Composer: Franz Schubert (b. 1797 - d. 1828)
Performance date: 04/07/2016
Venue: St. Brendan’s Church
Composition Year: 1824
Recording Engineer: Richard McCullough, RTÉ lyric fm
Instrumentation: 2vn, va, vc
Instrumentation Category:String Quartet
Chiaroscuro Quartet (Alina Ibragimova, Pablo Hernán Benedí [violins], Emilie Hörnlund [viola], Claire Thirion [cello]) -
performance of Death and the Maiden will
require some aural re-tuning. Chiaroscuro play at the lower classical pitch of
A430 as well as on gut strings with minimal vibrato. So we can expect a very
different view of a familiar masterpiece.
D minor quartet is the cry of despair of a man under sentence of death, those
Romantic and melodramatic songs he set to music in another carefree world had
suddenly become real. Those remorseless galloping hooves as the hapless father
with his feverish and dying son in his arms hopelessly tries to escape the Erlkönig can now be heard by Schubert
himself. And the cold grip of Death as he takes the Maiden in his arms is an
ever-present fear. For him personally this is all brutally and disgustingly
present and the desperate composer can only try to cheat death by overcoming
him with music.
power of the writing is there from the opening challenge, as though Schubert is
daring us not to listen to what he has to say, and this challenge goes on to
meet its appalled climax in the coda of this opening movement. The first
thematic outburst is gradually softened, dynamically as well as harmonically
before the theme takes off in the frantic pursuit by the Erlkönig, interrupted only by the violent chords from the opening.
The gentler second theme is still haunted by the pursuing triplets before the
first theme forces its way back and builds to a whole series of violent
conclusions. After the exposition repeat, a massive chord cuts straight into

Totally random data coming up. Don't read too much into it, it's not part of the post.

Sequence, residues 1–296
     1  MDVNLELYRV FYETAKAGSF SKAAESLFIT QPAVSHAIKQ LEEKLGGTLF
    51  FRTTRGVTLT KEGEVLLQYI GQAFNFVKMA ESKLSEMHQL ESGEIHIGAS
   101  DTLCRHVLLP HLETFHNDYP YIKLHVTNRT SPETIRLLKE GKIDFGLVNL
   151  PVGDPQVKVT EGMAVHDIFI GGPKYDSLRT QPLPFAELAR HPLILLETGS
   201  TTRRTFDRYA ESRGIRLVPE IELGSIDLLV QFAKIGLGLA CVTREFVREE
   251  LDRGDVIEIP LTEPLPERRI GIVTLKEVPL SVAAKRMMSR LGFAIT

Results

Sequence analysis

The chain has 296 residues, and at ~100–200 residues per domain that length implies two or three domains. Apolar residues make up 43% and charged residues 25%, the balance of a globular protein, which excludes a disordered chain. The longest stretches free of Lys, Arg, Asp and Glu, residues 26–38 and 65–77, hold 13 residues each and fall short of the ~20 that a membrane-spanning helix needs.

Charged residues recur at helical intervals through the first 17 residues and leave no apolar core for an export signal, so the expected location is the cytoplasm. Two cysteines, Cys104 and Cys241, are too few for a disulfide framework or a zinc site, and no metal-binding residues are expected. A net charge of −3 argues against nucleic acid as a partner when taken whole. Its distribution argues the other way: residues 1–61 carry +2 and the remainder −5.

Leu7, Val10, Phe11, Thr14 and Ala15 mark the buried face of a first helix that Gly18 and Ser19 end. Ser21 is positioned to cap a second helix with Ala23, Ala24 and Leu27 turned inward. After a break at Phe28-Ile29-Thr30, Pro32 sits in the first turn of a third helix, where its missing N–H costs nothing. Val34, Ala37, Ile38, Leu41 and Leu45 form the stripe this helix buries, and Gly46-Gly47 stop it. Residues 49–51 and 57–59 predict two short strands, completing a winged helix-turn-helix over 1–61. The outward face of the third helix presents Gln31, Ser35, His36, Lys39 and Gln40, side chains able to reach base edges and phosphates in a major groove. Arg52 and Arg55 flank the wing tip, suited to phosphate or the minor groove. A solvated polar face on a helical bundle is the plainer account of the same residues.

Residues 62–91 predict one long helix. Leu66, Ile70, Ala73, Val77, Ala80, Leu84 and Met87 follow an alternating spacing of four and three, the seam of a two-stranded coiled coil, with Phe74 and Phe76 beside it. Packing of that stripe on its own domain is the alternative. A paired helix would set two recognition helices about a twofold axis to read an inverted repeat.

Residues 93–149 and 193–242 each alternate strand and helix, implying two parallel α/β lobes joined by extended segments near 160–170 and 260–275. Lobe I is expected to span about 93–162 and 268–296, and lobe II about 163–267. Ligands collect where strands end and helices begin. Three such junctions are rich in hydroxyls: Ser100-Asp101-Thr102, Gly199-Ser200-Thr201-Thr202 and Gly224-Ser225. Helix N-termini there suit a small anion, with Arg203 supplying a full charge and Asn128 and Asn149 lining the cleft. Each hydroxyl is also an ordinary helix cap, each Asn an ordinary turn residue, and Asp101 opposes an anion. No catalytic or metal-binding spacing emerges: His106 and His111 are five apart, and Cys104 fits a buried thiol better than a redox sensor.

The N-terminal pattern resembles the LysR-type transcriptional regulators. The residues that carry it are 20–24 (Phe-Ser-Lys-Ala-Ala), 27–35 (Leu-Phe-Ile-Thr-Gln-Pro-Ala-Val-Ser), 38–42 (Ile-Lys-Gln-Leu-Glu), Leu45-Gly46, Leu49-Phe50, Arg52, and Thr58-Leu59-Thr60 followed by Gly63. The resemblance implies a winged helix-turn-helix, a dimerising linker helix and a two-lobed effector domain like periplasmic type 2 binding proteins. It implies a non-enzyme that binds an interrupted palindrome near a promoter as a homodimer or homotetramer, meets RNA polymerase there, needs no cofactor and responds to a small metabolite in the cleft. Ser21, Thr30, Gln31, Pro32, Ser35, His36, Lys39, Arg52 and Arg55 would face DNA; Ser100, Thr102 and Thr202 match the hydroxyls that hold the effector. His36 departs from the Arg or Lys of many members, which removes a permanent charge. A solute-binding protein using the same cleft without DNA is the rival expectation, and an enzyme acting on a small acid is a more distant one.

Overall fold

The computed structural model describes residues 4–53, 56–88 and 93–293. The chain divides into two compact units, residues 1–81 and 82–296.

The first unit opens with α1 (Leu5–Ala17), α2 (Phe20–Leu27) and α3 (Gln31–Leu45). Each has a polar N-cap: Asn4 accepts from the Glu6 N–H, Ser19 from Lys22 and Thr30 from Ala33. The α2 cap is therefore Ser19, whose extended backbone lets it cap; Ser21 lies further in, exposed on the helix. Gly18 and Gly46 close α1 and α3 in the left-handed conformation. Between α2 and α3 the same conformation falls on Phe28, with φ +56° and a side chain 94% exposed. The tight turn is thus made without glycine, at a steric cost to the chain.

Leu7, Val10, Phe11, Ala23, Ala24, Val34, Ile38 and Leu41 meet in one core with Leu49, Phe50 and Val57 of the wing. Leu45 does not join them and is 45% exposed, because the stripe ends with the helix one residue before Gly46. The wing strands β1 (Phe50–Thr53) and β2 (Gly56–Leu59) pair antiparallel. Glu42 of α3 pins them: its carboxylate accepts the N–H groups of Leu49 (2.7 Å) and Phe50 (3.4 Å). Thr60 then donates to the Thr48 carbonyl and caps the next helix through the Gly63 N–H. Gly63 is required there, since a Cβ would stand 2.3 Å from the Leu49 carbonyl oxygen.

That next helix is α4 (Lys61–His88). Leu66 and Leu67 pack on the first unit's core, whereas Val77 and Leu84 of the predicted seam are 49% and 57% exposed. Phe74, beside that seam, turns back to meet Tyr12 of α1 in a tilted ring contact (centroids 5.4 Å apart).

the development. This further unsettles us by combining both subjects at the
same time. The recapitulation follows without a break leading us to the appalled
coda with its great gasp of horror that evolves into one last pursuit hurtling
towards the violin’s desperate pleas for help.
cry for help is met by the strict formality of a theme with five variations and
a coda from whose self-imposed restriction there is no escape. The music is
taken from the piano accompaniment to the voice of Death in the song, constructing
in the process a new binary form theme in G minor.
consoling mood of the theme is harmonically constricted by Schubert’s sense of
horror at what is happening to him. The first three variations see a gradual
increase in time values; in the first the theme is given to the middle voices
with the cello’s pizzicato underpinning the first violin’s decorations, the
second has the theme in the viola while the third sees a unison and fortissimo
attack. The fourth variation bursts out with the galloping triplets, while the
fifth sees a slow crescendo to a dreadful climax that fades quietly into the
coda’s bell-like echoes of Death’s theme.
Scherzo reverts to the tough D minor mood of the first movement, which makes it
all the more surprising to find out that Schubert has borrowed the theme from
one of his hundreds of keyboard dances. The Trio is more soothing, in the
customary binary form but with the repeats varied.
presto finale returns to the nocturnal gallop of the opening movement, propelled
by an obsessive rhythmic figure of seemingly inexhaustible energy until
chillingly interrupted by another metamorphosis of the Death theme. In these
last extraordinary pages Schubert works out his dreaded vision of beauty and
horror galloping together endlessly through the night.
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